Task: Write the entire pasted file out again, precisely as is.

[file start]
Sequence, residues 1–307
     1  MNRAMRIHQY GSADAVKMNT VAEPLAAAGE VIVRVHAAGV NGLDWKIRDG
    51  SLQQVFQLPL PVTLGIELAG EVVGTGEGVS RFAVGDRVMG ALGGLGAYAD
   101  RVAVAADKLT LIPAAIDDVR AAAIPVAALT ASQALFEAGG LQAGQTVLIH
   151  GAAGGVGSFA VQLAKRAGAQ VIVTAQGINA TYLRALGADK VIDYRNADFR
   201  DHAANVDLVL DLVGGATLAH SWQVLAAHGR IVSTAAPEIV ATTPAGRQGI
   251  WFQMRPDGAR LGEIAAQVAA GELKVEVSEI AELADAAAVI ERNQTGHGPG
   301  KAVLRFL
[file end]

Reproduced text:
Sequence, residues 1–307
     1  MNRAMRIHQY GSADAVKMNT VAEPLAAAGE VIVRVHAAGV NGLDWKIRDG
    51  SLQQVFQLPL PVTLGIELAG EVVGTGEGVS RFAVGDRVMG ALGGLGAYAD
   101  RVAVAADKLT LIPAAIDDVR AAAIPVAALT ASQALFEAGG LQAGQTVLIH
   151  GAAGGVGSFA VQLAKRAGAQ VIVTAQGINA TYLRALGADK VIDYRNADFR
   201  DHAANVDLVL DLVGGATLAH SWQVLAAHGR IVSTAAPEIV ATTPAGRQGI
   251  WFQMRPDGAR LGEIAAQVAA GELKVEVSEI AELADAAAVI ERNQTGHGPG
   301  KAVLRFL